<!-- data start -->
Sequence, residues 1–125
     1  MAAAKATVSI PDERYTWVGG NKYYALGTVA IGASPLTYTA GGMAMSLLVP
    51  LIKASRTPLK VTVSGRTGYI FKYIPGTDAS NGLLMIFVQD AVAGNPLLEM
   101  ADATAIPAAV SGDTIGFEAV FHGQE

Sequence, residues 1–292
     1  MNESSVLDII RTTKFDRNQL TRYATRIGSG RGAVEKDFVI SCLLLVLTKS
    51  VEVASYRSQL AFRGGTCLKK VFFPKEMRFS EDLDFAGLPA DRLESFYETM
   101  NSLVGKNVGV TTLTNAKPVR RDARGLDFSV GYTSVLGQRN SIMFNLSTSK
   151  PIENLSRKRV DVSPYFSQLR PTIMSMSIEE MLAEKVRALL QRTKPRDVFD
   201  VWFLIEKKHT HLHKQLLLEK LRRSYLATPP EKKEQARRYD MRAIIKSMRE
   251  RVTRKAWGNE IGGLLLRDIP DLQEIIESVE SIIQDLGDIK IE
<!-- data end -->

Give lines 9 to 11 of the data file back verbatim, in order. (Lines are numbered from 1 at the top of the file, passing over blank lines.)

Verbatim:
   151  PIENLSRKRV DVSPYFSQLR PTIMSMSIEE MLAEKVRALL QRTKPRDVFD
   201  VWFLIEKKHT HLHKQLLLEK LRRSYLATPP EKKEQARRYD MRAIIKSMRE
   251  RVTRKAWGNE IGGLLLRDIP DLQEIIESVE SIIQDLGDIK IE